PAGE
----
Review the latest Weekly Headings by CIO Larry Adam.
- Fed largely expected to raise rates by 0.5%
- Some effects of past rate hikes starting to show
- Powell’s rhetoric will have to thread the needle
The Fed is about to lay all its cards on the table in the final FOMC meeting of the year next week (December 13-14). The Fed’s updated economic projections and dot plot as well as the Chairman’s press conference come at a critical time for the equity market as recent market movements have largely been driven by expectations for how aggressive the Fed still needs to be. In what is arguably the last major economic event of 2022, the financial markets will be monitoring how the Fed balances its focus on inflation (e.g., the increase in the terminal value of the fed funds rate) versus the risk of recession. Recent Fed member speeches appear to be more balanced as they have focused on this two-sided risk of raising interest rates, and investors hope the Fed signals it will turn the tables in 2023 with a rate cut.
- What Will The Fed Bring To The Table? | Much has happened since the Fed last updated its economic projections on September 21—another 0.75% interest rate hike, three months of economic data (including cooler-than-expected inflation readings for October and a slight improvement in sentiment), and another earnings season with the accompanying CEO forward guidance. Below is our summary of how we believe the Fed will revise its economic projections and policy outlook at next week’s meeting.
- Economic Growth | At the September FOMC meeting, the Fed lowered its 2022 GDP forecast from 1.7% to 0.2% and its 2023 forecast from 1.7% to 1.2%. We expect a positive shift for 2022’s forecast giventhat healthy job growth has led to a more resilient than expected consumer; however, the 2023 GDP growth rate will likely be lowered as the current 1.2% forecast is well above our forecast of 0.0% and the consensus’ 0.4%. Our forecast is below consensus due to the lagged effects of interest rates moving well into restrictive territory which will slow economic momentum and likely lead to a mild recession in 2023.
- Inflation | The October inflation prints were finally cooler-than-expected, hopefully confirming that the peak was reached in July and sparking hopes that the pattern continues with the November prints—the next Consumer Price Index (CPI) will be released next Tuesday. But since inflation has stayed higher for longer, there is still a natural assumption that the Fed’s targets for headline and core inflation (2023 estimate 2.8% and 3.1% respectively) are unattainable. But that’s not entirely the case. Even though these estimates may be revised slightly higher due to some of the ‘stickier’ areas of inflation (e.g., food, rent), inflation metrics in the 3-4% range aren’t out of reach. Due to evidence of easing pricing pressures in multiple areas of the economy (e.g., gas prices turning negative on a year-to-date basis, wholesale used-vehicle prices declining over 15% year-over-year in November), a continued and more significant deceleration is likely to unfold over the next several months.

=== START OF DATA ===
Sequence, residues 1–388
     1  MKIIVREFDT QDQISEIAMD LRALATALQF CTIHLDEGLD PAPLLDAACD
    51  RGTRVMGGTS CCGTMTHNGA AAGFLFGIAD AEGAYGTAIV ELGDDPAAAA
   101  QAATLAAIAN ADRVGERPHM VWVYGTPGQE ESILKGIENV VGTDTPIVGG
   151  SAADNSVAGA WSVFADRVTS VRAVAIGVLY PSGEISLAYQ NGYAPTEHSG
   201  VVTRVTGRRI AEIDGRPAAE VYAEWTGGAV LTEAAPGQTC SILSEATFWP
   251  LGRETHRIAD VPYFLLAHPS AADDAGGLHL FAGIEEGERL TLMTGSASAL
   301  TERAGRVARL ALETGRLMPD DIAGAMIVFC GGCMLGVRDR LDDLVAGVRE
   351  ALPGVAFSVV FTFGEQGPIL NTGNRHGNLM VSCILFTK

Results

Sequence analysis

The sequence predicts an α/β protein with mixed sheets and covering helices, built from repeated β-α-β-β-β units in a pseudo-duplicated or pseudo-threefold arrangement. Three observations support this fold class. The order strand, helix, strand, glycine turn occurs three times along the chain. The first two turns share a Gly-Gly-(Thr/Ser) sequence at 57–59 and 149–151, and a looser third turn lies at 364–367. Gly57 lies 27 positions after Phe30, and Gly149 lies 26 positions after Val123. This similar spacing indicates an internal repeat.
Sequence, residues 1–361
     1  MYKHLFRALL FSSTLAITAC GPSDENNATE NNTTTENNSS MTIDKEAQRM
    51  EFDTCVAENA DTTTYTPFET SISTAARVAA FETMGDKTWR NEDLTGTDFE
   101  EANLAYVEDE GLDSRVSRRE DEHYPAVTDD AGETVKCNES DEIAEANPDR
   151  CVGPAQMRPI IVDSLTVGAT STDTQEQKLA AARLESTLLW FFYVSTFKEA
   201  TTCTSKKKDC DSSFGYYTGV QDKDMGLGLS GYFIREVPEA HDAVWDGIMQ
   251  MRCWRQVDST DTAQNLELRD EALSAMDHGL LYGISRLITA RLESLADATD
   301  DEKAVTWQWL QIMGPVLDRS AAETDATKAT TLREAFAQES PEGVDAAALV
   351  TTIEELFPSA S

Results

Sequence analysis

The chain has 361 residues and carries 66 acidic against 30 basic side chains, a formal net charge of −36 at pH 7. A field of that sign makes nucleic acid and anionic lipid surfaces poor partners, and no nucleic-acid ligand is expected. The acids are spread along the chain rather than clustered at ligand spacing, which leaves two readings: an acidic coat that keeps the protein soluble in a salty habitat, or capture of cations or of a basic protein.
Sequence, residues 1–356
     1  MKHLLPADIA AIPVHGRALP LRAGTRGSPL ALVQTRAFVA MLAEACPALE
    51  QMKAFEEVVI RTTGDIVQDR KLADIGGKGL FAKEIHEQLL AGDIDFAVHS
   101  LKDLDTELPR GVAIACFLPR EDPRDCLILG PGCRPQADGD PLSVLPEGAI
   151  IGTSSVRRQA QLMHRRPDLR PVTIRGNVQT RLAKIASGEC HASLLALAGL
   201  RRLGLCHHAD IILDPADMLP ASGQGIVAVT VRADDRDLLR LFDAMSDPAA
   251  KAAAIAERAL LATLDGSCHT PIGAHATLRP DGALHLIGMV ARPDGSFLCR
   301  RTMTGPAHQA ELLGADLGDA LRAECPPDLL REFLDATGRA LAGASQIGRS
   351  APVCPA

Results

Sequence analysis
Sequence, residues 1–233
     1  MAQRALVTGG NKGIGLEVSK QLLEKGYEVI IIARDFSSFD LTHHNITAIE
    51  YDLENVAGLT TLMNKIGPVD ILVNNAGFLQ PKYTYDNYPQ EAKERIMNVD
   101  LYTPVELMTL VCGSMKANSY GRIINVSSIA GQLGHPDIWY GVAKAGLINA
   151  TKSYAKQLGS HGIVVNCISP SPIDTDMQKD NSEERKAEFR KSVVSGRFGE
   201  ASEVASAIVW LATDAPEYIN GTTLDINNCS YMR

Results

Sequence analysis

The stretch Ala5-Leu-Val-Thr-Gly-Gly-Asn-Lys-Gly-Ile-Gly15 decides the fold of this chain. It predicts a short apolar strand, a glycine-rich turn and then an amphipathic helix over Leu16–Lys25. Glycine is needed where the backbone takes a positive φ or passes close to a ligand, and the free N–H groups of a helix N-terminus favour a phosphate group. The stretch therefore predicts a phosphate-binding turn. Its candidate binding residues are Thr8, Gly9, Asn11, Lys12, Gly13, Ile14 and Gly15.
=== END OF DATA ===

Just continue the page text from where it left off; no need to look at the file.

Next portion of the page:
- Unemployment | A substantial adjustment to the Fed’s 2023 unemployment projection of 4.4% is unlikely due to the resilience of job gains and still elevated levels of job openings. However, there are signs that the labor market is beginning to show cracks, as continuing claims rose to the highest level since early February. As economic momentum slows and companies relax the pace of hiring, there may be upside risk to this target, particularly within goods-oriented industries.
- Federal Funds Rate | As of September, the Fed’s 2022 and 2023 fed funds targets were 4.4% and 4.6% respectively. Since the Fed is largely anticipated to hike rates by 0.50% at next week’s meeting, these projections will likely be increased to 4.5% and 5.0% respectively. While the market is pricing in a peak rate slightly above 5% in the spring of 2023, we believe easing inflation and slowing economic momentum will limit the Fed’s need to continue the streak of rate hikes well into next year. But as this is arguably the most important number for the markets, a forecast materially above 5% would be a negative for equities.
- Powell Won’t Table Further Aggressive Action In The Press Conference | The futures market has fully priced in a 50 basis point hike at next week’s December FOMC meeting, and we agree. Thereafter, we foresee a 25 basis point hike at both the February and March meetings. While the futures market reflects the Fed taking additional action from there, we think an evident slowing of economic momentum and a further easing of inflation will allow the Fed to take its foot off the gas. However, Chair Powell will likely try to afford the Fed some flexibility in his press conference. While he will acknowledge some of the growth concerns, particularly for areas of the economy that are showing clear signs of weakness (e.g., housing), he will also caution the market of prematurely assuming a ‘pivot’ in policy—especially since the futures market has a high probability of interest rate cuts at next year’s November and December meetings. Ultimately, this will be another test of how well Chairman Powell can thread the proverbial needle as he seeks to explain the two-sided risks of interest rate hikes and the difference between slowing the pace of hikes and ending the tightening cycle.
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